During this play session, which also included StegaVorto, kartofel, Anagramarama, Funny Boat and Vodovod, my youngest girl, age 7, plunked down on the couch next to me as her 10-year-old sister played. Then she started to notice I was typing what people in the livingroom were saying and doing on irc. She took a mild affront to me copying her own words and actions, so I decided it would be better to let her participate so she would feel included. At this point, I started playing secretary for her, typing what she dictated to me while she read the responses from the display. Later, I just handed her the keyboard so she could type and read the responses on her own. She was still at it long past bedtime and it was with some reluctance that she finally gave up the keyboard. We all had a lot of fun and look forward to doing this again.

We are particularly careful with privacy, taking care to share pictures, videos, and other personal details only so far as we believe it does not put our children at risk. Also, we need to ensure we observe in a way that is welcome and doesn’t interfere with their enjoyment. But with a little bit of prudence and a practiced eye and ear for what increases or diminishes enjoyment of the software, we can involve our children directly in the free software development process. I commend to anyone who has the privilege to share free software with children to use this method to communicate with maintainers and developers, increasing your own enjoyment of the software in the process and that of children and their guides everywhere.

Update: A quote from this article has made it to Slashdot. Although many of the comments seem to miss my point entirely, it’s nice to get a wider audience.

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The children of Debian

Who are the next generation of Debianists? Are they all still coming to us out of different OS backgrounds, or do we now have the significant beginnings of a home grown generation, born and raised in Debian-using families and now making their voices heard?

I hope that Debian Jr. will encourage this kind of generational growth of the project. When recently I rewrote the guiding principles of Debian Jr., my vision was a Debian that children would identify as their own. I expect they will be eager to add their own ideas as they grow up with it. It was pointed out to me today that there is some evidence that this is already happening (thanks for the link, Matthew Wilcox).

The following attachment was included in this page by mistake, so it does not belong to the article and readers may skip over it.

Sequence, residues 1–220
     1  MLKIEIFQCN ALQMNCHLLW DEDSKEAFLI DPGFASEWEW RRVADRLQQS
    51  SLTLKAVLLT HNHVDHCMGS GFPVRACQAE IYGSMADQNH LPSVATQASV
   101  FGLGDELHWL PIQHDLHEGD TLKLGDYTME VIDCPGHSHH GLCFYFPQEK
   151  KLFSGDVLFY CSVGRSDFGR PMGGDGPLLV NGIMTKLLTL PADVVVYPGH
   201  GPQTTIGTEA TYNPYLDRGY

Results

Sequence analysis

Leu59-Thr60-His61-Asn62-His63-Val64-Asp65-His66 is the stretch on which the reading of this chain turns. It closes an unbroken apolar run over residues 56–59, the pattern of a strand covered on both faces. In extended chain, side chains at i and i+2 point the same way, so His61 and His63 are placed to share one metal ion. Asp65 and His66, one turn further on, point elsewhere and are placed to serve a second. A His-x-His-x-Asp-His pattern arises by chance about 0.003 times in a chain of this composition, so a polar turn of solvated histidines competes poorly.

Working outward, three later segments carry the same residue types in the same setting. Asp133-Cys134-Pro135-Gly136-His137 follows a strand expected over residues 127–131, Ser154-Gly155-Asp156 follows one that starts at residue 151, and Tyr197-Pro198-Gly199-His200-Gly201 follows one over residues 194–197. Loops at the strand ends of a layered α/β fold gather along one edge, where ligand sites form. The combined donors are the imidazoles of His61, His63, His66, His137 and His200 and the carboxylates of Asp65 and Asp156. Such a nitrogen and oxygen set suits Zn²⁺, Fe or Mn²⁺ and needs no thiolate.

As for my own kids, ages 16, 15, 12, 9 and 5, only the oldest have ever used some system at home other than Debian1. They all comfortably use our Debian systems daily, discussing regularly with me what they need. This leads to filing bugs and patches on their behalf2, and inspires further development of the Debian Jr. project.

So, in at least this sense, the children of Debian are already contributing members of Debian, if not voting members. The ideas of families are improving Debian for everyone. As the project grows, I expect the ways in which families will change Debian will be more significant, not only technically but also in Debian’s character.

1 Before we started using Debian in 1995, the family system was a VT-420 terminal connected to the Solaris system running our community freenet. At that time our kids would sit in my lap and play at typing into pico for their amusement.

2 For instance, I was pleased to discover the other day that my egoboo patch was accepted. That was a direct result of my kids asking me to make it work for them.

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Launcher for xjig adds open dialog and file conversion

I have long recognized that to be usable by young kids, xjig really needs a better user interface. So I wrote a launcher, xjig-menu to address the problem. It adds a file open dialog (via zentiy) and support for more file formats (via imagemagick).

Update

I have put this script in subversion and added a man page. Check it out:

  $ svn co svn://svn.debian.org/pkg-games/people/synrg/xjig

or browse the repository.

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live-helper progress

Now that live-helper1 has superceded live-package I have a config for the junior livecd work-in-progress in the debian-live repository:

sudo apt-get install live-helper
svn co svn://svn.debian.org/debian-live/configs/junior
sudo make-live --root junior &>make-live.log

This will build a usb image for the gnome-junior package list. If you want a regular iso image or want to try the kde-junior or xfce-junior lists, just make the appropriate changes in config.

I have tested the usb image on a 1G usb key. At this point I’m not layering on customizations, but am focusing on basic usability issues: X autoconfiguration, sound, menus, etc. Once I’m happy with these I’ll move on to the kinds of customizations we’d like to make for children.

1 live-helper is still in NEW at the moment. I’ve been checking it out from svn and building the package myself, though you can also get Daniel’s packages from his site. My config should work with a2-1 or later.

update

For the time being it is best to stick with live-helper from svn, as my configs are being developed to work with trunk, which is still in flux (e.g. config variables are renamed without notice, etc.)

svn co svn://svn.debian.org/debian-live/dists/trunk/live-helper
cd live-helper ; debuild -us -uc
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make-live -p gnome-junior

Ever since I started working towards a Debian Jr. livecd back in November, I’ve played off and on with qemu, approx and debian-live.